Ok, that's a bit rubbishy but These are the Voyages is a sign of the state of the franchise at the time it was written. What was considered by writers Berman and Braga to be a love letter to the fans was actually taken in a completely different light. It screams of the excesses, perhaps some of the tropes and monotony of the later years of that "Golden Age" where  the expectations of Star Trek were a lot higher than it was producing. There was a familiarity by this time - ship/base plus crew with a strong captain going out and meeting aliens with forehead bumps before the status quo was returned at the end of the hour.

Deep Space Nine certainly toyed with that but in the big scheme of things, the franchise was getting comfy and it needed a shakeup. Trip's death is hardly that but slipping in Riker and Troi, who look decidedly uncomfortable at times in their uniforms and back on reconstructed Enterprise-D sets after 11 years trying to tie in a plot to an episode they filmed years ago.

It doesn't work to a large degree and, credit where credit's due, Michael Chabon's Picard did wonders for their return in Nepenthe. Here though it's feeling tired, the story lacks real pace and effectively tells you everything you needed to know about where Star Trek was at the time. If it was a racehorse, this would have been it's time to pasture.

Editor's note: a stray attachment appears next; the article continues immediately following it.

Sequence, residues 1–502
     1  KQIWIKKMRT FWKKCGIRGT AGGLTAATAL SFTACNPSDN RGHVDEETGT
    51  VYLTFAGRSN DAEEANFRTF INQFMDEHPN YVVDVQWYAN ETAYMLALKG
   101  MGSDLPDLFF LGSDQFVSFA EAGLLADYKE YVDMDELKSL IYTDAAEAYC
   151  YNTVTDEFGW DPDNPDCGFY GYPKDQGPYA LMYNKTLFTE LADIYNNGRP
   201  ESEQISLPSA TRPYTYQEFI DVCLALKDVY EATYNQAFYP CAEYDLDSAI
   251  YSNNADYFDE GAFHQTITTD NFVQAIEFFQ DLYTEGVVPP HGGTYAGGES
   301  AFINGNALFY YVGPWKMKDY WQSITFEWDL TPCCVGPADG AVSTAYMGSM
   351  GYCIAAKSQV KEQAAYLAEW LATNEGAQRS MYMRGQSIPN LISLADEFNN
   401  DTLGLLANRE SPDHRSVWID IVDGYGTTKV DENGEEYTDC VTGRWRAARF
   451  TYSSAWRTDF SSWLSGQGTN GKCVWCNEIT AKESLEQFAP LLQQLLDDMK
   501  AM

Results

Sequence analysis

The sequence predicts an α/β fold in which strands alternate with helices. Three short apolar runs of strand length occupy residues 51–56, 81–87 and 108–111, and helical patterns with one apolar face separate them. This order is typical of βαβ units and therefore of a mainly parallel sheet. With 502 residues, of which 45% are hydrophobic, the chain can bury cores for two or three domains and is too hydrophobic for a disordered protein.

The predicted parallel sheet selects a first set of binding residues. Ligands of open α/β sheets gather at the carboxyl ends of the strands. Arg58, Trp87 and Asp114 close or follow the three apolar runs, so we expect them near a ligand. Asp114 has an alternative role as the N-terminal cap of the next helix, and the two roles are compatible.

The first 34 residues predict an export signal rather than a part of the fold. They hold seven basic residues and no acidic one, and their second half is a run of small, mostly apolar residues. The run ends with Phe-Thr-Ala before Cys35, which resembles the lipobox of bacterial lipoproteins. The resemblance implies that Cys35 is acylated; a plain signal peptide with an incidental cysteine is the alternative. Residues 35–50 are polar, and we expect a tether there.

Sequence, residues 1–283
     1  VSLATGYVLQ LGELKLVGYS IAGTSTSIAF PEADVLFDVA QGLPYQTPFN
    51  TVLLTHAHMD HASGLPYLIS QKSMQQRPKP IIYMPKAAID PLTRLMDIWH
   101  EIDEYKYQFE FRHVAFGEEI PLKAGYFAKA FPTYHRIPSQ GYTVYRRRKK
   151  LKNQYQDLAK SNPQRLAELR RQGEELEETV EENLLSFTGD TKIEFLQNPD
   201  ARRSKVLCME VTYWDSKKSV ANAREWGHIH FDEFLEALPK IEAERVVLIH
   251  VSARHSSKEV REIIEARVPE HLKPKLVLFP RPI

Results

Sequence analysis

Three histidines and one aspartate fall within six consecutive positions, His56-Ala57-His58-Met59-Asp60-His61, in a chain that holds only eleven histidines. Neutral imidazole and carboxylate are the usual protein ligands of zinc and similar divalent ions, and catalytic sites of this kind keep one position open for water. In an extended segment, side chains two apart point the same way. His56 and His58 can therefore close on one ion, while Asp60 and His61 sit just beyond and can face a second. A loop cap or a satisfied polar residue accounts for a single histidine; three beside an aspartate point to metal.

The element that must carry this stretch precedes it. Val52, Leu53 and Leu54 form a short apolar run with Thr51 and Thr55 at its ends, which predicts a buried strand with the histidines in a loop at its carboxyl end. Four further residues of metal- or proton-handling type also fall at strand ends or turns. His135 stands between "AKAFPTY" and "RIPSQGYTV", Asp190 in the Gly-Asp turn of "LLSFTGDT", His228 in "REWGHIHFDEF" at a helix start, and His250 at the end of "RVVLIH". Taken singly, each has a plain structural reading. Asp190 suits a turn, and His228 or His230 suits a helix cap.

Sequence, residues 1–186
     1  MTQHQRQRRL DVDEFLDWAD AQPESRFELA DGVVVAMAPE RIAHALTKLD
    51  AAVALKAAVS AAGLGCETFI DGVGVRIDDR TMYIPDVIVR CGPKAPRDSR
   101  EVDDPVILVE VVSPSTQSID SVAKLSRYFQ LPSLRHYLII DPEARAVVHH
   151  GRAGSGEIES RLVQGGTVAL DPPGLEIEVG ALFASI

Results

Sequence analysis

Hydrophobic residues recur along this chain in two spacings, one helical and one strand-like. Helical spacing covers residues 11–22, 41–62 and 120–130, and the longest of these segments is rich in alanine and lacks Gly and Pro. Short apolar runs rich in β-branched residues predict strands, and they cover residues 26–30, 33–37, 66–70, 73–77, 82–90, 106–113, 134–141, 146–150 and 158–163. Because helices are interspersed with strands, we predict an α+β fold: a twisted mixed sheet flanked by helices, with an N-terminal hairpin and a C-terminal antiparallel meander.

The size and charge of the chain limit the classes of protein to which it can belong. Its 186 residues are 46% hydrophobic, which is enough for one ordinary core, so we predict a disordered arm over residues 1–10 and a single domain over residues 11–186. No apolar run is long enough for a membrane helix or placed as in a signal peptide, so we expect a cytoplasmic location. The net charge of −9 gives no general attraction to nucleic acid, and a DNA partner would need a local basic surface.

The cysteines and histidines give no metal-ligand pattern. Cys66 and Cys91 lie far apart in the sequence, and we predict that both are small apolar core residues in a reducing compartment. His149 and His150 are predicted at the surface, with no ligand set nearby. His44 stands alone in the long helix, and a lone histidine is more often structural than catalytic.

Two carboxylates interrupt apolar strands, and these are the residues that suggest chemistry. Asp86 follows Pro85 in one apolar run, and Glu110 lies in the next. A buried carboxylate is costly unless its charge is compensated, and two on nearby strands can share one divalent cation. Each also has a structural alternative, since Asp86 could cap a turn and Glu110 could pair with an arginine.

Anyway, their inclusion does wrap up that '87 to '05 period even more with two characters who appeared in Encounter at Farpoint back to wave off the franchise, close it down and leave the keys under the mat for another person to take on. Riker's time on the recreation of the NX-01 puts him into close contact with Archer, Tucker and T'Pol most prominently but seems to forget that there were a few other members of the ensemble cast - another issue with the 42 minute run time in a story that could probably have been better structured over 84 minutes 

Jumping the narrative forward several years from Terra Prime at least allows for some rounding out of the series and the creation of the Federation that we would have hoped to have seen develop over the series but is ultimately rushed into service here. Again, it's a merit for the episode that it tries to encapsulate so much - returning characters, a major event in Star Trek lore, a character death, action sequences and a final bow for three ships named Enterprise that These are the Voyages mutates into one of those long hugs from an elderly relative that lasts just that little bit too long.